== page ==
"A big part of Toledo's problem comes from the Maumee River, which drains a broad swath of agricultural land, feeding the bloom on Toledo's end of the lake," Peters and Dolan write. "Other major cities near the Great Lakes such as Chicago and Detroit haven't experienced similar restrictions, but some are voicing new concerns about the potential threats to their drinking-water supplies."
Adam Sharp, vice president of public policy for the Ohio Farm Bureau Federation, told the Journal, "This is a big deal. We recognize it, and we're going to resolve it." But environmentalists say the rule doesn't go far enough. Howard Learner, president of the Environmental Law and Policy Center, a Midwest advocacy group, told the Journal, "This isn't a matter of farmers fine-tuning what they're doing. This requires a substantial rethinking of how nitrogen and phosphorus is used in the agriculture sector."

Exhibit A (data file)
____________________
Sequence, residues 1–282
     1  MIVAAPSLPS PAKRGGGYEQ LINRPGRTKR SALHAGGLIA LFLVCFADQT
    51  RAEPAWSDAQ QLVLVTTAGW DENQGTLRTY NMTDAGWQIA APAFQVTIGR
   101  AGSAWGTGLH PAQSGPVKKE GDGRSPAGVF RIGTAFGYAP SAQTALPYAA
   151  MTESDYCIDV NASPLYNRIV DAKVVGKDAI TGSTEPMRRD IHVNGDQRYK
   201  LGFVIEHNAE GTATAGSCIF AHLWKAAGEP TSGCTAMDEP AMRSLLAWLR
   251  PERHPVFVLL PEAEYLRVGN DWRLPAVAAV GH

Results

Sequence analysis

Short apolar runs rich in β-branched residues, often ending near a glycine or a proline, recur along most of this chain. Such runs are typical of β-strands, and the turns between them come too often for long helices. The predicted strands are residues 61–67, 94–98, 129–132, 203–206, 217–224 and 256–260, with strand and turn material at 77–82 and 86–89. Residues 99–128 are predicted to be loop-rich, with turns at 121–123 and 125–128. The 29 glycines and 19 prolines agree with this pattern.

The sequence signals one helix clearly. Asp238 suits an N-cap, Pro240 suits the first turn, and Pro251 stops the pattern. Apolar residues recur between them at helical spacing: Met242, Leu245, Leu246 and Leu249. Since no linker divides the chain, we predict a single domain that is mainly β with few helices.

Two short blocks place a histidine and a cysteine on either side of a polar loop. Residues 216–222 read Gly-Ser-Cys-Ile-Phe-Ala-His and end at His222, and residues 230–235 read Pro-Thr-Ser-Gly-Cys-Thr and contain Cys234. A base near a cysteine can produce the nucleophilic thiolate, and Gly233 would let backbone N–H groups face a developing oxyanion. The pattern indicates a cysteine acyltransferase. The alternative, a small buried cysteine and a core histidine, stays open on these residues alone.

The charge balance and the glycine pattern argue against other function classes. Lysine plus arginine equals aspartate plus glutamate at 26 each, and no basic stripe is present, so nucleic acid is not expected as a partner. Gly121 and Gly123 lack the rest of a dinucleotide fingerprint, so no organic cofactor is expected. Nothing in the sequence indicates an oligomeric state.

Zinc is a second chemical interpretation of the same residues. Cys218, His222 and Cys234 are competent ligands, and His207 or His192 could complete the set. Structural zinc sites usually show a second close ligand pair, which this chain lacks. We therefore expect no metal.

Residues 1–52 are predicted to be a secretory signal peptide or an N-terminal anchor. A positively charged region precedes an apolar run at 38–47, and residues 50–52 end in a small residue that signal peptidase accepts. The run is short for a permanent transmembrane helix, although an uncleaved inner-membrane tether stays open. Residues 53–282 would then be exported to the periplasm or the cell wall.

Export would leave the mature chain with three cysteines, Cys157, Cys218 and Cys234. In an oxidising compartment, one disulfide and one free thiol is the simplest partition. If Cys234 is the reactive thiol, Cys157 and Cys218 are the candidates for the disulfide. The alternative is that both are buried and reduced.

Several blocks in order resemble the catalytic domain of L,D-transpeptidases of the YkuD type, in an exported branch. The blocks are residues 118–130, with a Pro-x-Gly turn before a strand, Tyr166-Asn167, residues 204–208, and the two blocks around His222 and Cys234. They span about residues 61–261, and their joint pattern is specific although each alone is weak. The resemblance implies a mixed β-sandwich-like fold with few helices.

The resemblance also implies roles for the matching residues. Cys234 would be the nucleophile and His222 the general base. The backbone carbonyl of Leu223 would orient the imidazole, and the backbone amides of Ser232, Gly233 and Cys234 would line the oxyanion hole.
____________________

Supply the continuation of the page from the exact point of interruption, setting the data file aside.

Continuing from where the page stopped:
Across the U.S. "progress has been made when it comes to better fertilizer management, according to the Environmental Defense Fund," Peters and Dolan write. "Farmers and retailers have increased demand for nutrient-efficient products and helped to reduce fertilizer loss by an average of 25 percent on half a million acres in six states, including Ohio, while also keeping up or increasing crop yields, the group said."
"Still, the response by farmers and regulators, not just in Ohio, but in farm states across the Midwest, has drawn criticism from other environmental groups that don't see progress," the Journal writes. "They are fighting in court to force the U.S. Environmental Protection Agency to set limits on nutrient levels for lakes, streams and rivers." (Read more)